NASA found what is likely a water planet not too far from our solar system.
An exoplanet that is three times the size of Earth was identified in a start system approximately 53 light-years away by NASA’s Transiting Exoplanet Survey Satellite (TESS), a telescope that’s been scanning the skies for exoplanets for three months.
The new planet, which is called HD 21749b, was announced on January 7. Despite its size, HD 21749b has 23 times the mass of the Earth, which leads scientists to believe that it’s a gaseous planet and not rocky, like Earth.
“We think this planet wouldn’t be as gaseous as Neptune or Uranus, which are mostly hydrogen and really puffy,” MIT researcher Diana Dragomir explained. “The planet likely has a density of water, or a thick atmosphere.”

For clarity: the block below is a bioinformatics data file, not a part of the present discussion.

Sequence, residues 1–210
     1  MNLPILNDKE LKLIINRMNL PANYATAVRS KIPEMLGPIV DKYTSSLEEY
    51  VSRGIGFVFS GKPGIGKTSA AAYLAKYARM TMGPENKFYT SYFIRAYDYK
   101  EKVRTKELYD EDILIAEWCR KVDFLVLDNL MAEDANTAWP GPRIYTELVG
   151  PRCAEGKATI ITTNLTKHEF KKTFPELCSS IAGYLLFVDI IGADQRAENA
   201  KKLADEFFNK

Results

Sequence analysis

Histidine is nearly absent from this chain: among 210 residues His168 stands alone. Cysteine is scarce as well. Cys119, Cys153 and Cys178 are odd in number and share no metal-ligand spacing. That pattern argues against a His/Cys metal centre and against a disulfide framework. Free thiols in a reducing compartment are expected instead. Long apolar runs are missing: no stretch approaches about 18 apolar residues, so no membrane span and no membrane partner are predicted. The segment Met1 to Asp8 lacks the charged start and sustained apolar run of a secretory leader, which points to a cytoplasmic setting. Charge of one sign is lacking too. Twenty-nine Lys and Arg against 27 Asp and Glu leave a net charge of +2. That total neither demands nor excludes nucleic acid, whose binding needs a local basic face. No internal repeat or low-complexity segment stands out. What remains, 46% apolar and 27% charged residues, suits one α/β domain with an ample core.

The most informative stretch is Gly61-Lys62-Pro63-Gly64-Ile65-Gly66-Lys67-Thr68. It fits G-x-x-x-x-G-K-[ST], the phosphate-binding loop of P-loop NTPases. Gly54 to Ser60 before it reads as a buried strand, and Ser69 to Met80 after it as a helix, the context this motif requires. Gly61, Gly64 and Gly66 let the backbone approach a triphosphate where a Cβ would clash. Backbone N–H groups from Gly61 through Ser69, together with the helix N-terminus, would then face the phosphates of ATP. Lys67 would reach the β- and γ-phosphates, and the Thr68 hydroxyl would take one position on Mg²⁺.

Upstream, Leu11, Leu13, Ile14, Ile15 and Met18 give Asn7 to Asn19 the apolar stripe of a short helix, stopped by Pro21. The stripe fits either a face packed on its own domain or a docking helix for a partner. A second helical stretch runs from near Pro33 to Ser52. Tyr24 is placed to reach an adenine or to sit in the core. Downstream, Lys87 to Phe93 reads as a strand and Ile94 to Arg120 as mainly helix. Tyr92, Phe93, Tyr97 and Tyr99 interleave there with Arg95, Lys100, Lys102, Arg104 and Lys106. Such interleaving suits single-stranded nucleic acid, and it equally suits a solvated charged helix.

HD21749b likely has a surface temperature of approximately 300°F, which is a surprisingly cool temperature for how close the planet is to its star, which scientists say is comparable to our sun. It orbits its star every 36 days, compared to the other two exoplanets that TESS has identified.
“We know a lot about atmospheres of hot planets, but because it’s very hard to find small planets that orbit farther from their stars and are therefore cooler, we haven’t been able to learn much about these smaller, cooler planets,” Dragomir said.